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image icon 'Klemsic, a village of German settlers near Adelaide', 1844-45

'Klemsic, a village of German settlers near Adelaide', 1844-45
Art Gallery of South Australia


This is a watercolour on paper, dated 1844, by George French Angas (1822-86). The work measures 23.6 cm x 32.7 cm and depicts a German settlers' village near Adelaide at that time. The view is of a street of closely grouped houses, each with a steeply pitched, thatched roof and whitewashed walls. A simple belfry mounted on one building identifies it as a church. A goat and some poultry scratching in the dirt road can be seen at the left of the work, while at the centre is a man standing close to a loaded hay wagon drawn by two long-horned bullocks. A woman, wearing a long blue skirt and white apron and cap, stands in the right foreground near a fence made of bark and roughly split timber.

Educational value

This resource is useful because it:

  • is a work by George French Angas - Angas was the eldest son of George Fife Angas (1789-1879), the wealthy founder and chairman of the South Australian Company, and a key figure in the establishment, in 1836, of the colony of South Australia; George French Angas was a naturalist and a skilled illustrator who arrived in Adelaide in 1844 when the colony was just seven years old; he immediately began a series of inland and coastal trips, sketching images of Indigenous Australians and their customs, the landscape and native fauna, and Adelaide scenes; his intention was to use these sketches as the basis for a series of (lithographic) print albums, which would provide British people with information about the new colony, its natural features and progress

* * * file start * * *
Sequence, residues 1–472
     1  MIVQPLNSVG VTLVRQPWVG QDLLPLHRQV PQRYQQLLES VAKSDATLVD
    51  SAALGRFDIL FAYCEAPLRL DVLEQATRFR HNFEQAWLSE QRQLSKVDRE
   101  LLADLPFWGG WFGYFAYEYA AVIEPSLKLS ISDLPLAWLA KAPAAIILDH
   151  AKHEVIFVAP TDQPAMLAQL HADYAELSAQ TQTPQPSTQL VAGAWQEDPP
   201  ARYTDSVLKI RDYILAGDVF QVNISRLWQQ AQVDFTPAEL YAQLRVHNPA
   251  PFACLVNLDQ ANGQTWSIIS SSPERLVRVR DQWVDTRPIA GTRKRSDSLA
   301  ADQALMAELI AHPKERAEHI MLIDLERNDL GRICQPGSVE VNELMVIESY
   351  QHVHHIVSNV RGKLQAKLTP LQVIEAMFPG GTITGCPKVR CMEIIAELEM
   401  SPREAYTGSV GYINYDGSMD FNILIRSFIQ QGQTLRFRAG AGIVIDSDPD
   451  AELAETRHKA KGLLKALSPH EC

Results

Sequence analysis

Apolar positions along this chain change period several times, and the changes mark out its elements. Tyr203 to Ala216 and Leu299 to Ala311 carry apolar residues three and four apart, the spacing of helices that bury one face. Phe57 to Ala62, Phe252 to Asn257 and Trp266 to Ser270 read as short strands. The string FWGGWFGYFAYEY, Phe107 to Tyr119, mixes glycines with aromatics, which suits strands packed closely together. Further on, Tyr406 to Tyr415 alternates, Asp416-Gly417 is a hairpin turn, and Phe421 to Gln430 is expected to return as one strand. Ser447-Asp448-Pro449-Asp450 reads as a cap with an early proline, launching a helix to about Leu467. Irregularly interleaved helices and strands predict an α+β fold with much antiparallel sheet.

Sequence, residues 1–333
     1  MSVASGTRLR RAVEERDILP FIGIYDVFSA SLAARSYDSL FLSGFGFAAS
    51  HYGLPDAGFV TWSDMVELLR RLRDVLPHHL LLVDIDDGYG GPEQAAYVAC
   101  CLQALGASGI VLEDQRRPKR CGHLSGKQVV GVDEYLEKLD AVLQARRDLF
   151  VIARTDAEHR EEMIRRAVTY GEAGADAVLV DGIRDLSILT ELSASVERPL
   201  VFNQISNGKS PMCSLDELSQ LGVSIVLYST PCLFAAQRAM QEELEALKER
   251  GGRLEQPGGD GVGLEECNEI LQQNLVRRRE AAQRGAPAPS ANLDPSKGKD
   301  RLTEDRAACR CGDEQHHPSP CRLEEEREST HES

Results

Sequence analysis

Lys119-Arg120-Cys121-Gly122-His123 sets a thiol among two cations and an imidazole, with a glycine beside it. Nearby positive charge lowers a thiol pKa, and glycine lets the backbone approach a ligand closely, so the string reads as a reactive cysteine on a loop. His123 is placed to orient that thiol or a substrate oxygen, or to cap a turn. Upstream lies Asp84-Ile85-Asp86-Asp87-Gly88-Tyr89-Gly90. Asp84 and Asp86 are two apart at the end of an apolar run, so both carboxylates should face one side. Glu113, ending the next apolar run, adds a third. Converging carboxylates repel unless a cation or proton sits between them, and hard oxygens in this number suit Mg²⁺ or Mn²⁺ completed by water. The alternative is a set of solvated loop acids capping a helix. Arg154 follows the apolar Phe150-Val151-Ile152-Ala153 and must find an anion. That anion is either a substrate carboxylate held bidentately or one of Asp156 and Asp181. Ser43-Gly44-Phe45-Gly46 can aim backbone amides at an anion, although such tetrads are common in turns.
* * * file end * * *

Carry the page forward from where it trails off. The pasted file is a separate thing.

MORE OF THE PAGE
• depicts an early German settlement near Adelaide - the view shows the western half of the village street of Klemsic (now the Adelaide suburb of Klemzig); the village was laid out in the traditional Prussian style on fertile land beside the River Torrens; it was one of several villages (including Hahndorf and Lobethal) in SA which, from 1844, were populated almost entirely by immigrants from the Prussian provinces of Brandenburg, Posen and Silesia; the street shown in this work corresponds to Andrea Way in present-day Klemzig
  • references the foundation history of German settlement in SA - the second building from the left with its bell (belfry) is Pastor Kavel's Lutheran church; in 1836, Kavel's 'Old Lutheran' congregation, at Klemzig in Brandenburg, Prussia, was being persecuted because it refused to accept new forms of worship imposed by King Frederick William III); in looking for a place where he and his congregation could worship freely, Kavel met with George Fife Angas, who was sympathetic to his plight and chartered ships and arranged advances on passage money; the first groups to arrive in SA settled on land belonging to Angas to form the village then known as Klemsic
  • provides detailed information about the architecture and design of an early colonial German settlement in Australia - the settlers included carpenters and joiners skilled in working with timber, particularly in the construction of slab huts; the end wall of the church shows a characteristic half-timber section; the walls of all the dwellings were made of whitewashed pisé (rammed earth or clay) and the roofs were thatched with hay or rushes laid onto supporting beams; the steep pitch of the roofs (around 45 degrees) created attic space for bedrooms or storage
  • illustrates aspects of early colonial village design and daily life - each dwelling facing the street was sited, in accordance with tradition, at one end of a long thin allotment that incorporated space for a produce garden and domestic animals; the hay wagon is a traditional European design; the image contains many examples of the use of local timber.